A poll of Utah voters, published on Thursday, confirms that the vast majority of voters in Utah approve of Governor Gary Herbert’s alternative solution to providing medical coverage to the uninsured population of the state. The poll in question benefited from the response of 623 voters in Utah, selected randomly. When asked if they preferred Gov. Herbert’s plan to doing nothing, 88 per cent of voters replied in the affirmative. What’s more, 70 per cent opted for Gov. Herbert’s solution, in favor of a full expansion of Medicaid.
The results of the poll were analyzed by Notalys, a consultancy company in Utah. Following the analyses, in a communication session to explain the results, company partner and chief economist Sven Wilson explained that the show of support for Gov. Herbert’s plan is massive, extends across all demographics, and even spans “across the political spectrum”. Wilson, who also teaches political science at BYU, explained that most Utah voters support the minutiae of Herbert’s plan. Among other measures, the Governor’s proposed solution favors individual responsibility and offers a pay-what-you-can model of medical insurance. According to the provisions of the plan, currently uninsured Utah inhabitants can select medical coverage plans offered on the private market.
However, the poll’s result should not be interpreted as a vote against the involvement of federal authorities in providing medical coverage to the currently uninsured. As a matter of fact, 71 per cent of the people polled think it’s perfectly acceptable for the state to receive assistance for medical care from the federal authorities. Moreover, 83 per cent of respondents believe all legal residents of Utah deserve access to healthcare, even though 9 per cent of them are still uninsured, even in the aftermath of the launch of www.healthcare.gov.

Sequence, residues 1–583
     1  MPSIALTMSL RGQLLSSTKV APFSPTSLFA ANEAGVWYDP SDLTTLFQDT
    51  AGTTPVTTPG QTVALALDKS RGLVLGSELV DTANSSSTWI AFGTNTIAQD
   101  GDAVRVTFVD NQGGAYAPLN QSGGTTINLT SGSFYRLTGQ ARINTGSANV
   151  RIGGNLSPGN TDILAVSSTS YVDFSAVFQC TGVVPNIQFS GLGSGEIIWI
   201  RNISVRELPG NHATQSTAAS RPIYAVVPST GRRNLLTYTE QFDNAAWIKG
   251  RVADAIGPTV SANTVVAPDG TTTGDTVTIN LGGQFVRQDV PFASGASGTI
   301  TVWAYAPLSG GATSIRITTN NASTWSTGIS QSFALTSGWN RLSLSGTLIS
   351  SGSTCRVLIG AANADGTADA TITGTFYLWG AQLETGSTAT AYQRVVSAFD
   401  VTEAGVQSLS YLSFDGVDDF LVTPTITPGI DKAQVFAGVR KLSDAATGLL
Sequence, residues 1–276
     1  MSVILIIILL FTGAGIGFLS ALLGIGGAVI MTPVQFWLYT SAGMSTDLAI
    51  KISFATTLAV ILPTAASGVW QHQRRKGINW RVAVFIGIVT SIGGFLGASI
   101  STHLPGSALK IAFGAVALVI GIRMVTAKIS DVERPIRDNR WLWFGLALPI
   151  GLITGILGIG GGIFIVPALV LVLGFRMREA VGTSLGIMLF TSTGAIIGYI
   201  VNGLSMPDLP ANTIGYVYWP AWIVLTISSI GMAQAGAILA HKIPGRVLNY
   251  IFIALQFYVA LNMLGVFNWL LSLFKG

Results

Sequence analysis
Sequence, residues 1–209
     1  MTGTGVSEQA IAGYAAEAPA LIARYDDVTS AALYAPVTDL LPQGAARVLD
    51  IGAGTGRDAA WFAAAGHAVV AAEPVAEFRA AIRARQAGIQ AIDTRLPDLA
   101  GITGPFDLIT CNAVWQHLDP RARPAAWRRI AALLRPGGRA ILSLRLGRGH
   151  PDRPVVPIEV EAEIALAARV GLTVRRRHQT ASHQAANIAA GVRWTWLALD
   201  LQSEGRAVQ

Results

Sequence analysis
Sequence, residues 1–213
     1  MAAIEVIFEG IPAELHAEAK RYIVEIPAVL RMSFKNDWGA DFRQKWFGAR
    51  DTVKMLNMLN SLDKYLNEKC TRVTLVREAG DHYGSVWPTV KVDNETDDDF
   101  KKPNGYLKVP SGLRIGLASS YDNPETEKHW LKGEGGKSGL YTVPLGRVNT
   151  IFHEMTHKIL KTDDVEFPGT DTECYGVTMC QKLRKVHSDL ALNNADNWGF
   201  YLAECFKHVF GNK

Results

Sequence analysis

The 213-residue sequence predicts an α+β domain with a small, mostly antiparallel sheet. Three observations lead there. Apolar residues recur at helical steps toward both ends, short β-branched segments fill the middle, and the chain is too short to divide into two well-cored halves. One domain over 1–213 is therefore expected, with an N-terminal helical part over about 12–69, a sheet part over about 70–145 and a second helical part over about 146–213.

It’s important to note that Gov. Herbert’s Healthy Utah plan has not been suggested as another alternative of expanding Medicaid. Rather, it’s a way of securing federal funds for the state of Utah, in order to enforce a program that participants would pay for, to the best of their abilities. Under the provisions of this plan, participants would receive access to medical coverage via insurers on the private market. This measure would secure business for the local health funds, as well as provide coverage for adults that earn low incomes and live below the 138 per cent federal poverty threshold. Wilson explained that, in a conservative state such as Utah, it’s only normal for residents to uphold an plan based on individual responsibility. However, he also added that “even among that group there is still surprising support for the Healthy Utah plan among both Democrats and Republicans.”